Because these parameters can vary significantly for each policyholder, it is difficult to provide an accurate estimate of how much home insurance premiums cost. According to some financial comparison websites, building insurance can start at $800 and exceed $4,000 annually, while contents insurance can range from $300 to above $800 a year.
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How much building insurance coverage do homeowners need?
Ideally, building coverage should be able to pay the cost of repairing or rebuilding the home at the same quality before it was damaged.
There are two common methods used for estimating this value – cost-per-square-metre – where estimation is based on the property’s size and the materials used – and elemental estimating – where estimation is based on several parameters, including when the house was built, the quality of internal fixtures and fittings, and if the home is built on a slope.
How much contents insurance coverage do homeowners need?
According to experts, a good way to find out home much contents coverage one actually needs is by keeping receipts of all the items they bought for their home and calculating the monthly spending, which can help provide an estimate of the total limit.
Homeowners can also complete a personal property inventory to determine how much coverage they need. The belongings that can be included in the inventory are:
- Furniture – beds, dining chairs and tables, sofa sets, wardrobes
- Home accents – carpets, curtains, cushions, beddings
- Appliances – fridges and freezers, stoves and ovens, washing machines
- Kitchenware – cookware, cutlery, dinnerware
- Gadgets – laptops, mobile devices, TVs
- Clothing and fashion accessories
- Toys, antiques, ornaments
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Consumer advocacy non-profit CHOICE has this tip for homeowners who want to find out the sum insured figure for their personal belongings: “Go through every room and estimate how much it would cost to replace each item, including commonly overlooked items like crockery and cutlery, bed linen, books, CDs and DVDs, clothing, and footwear.”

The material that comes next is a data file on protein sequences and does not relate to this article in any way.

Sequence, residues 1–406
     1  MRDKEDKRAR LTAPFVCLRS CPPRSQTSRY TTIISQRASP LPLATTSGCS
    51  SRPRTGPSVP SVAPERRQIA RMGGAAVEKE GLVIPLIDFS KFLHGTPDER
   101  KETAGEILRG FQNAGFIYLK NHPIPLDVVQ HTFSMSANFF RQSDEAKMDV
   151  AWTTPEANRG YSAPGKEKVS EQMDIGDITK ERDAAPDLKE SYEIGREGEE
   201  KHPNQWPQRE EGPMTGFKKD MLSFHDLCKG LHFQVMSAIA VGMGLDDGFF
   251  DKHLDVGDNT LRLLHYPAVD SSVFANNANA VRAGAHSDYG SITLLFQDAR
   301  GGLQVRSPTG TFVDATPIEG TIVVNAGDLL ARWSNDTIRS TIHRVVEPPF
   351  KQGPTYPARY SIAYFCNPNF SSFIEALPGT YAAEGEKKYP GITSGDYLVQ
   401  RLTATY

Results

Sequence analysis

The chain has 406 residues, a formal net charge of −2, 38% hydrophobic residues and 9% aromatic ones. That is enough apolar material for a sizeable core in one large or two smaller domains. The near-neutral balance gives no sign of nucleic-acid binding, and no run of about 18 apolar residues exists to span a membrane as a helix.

“Contents policies usually set a limit for valuable items, such as up to $1,000 per item and up to $5,000 in total for jewellery,” the organisation added. “If you have items that exceed the limits, you need to list them separately with your insurer. If you don't, you won't be able to claim any higher than the standard sub-limit, regardless of how much your valuables are worth.”
How can Australian homeowners find the right home insurance that suits their needs?
Experts recommend that homeowners consider the type of coverage their home needs when choosing the right coverage. Residents of flood-prone areas, for example, are advised to get an insurance policy that provides flood cover, whether it is a standard inclusion or an add-on.
“Flood cover has utmost importance when your house is located in a flood risk zone, [for example], the area that has a lake, river, creek, or other natural watercourse that can potentially inundate your property,” according to the price comparison website Compare the Market. “It is crucial that you understand flood risk and the types of damage covered.”
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“Many insurance policies now include flood cover as default, regardless of where you live,” CHOICE noted. “Some insurers still include it as an optional extra, while a few insurers let you opt out, although this is usually at their discretion. If you live on top of a hill you might gripe about having to pay for cover you don't need, but if your risk is low then flood cover will make up a negligible percentage of your premium.”
Additionally, experts reminded policyholders to carefully read their policies’ product disclosure statement (PDS), which tells what their insurance covers and what is excluded. The PDS may also include buzzwords and jargon that may be new to them, so it is advisable for homeowners to consult their insurance agents for any questions and clarifications.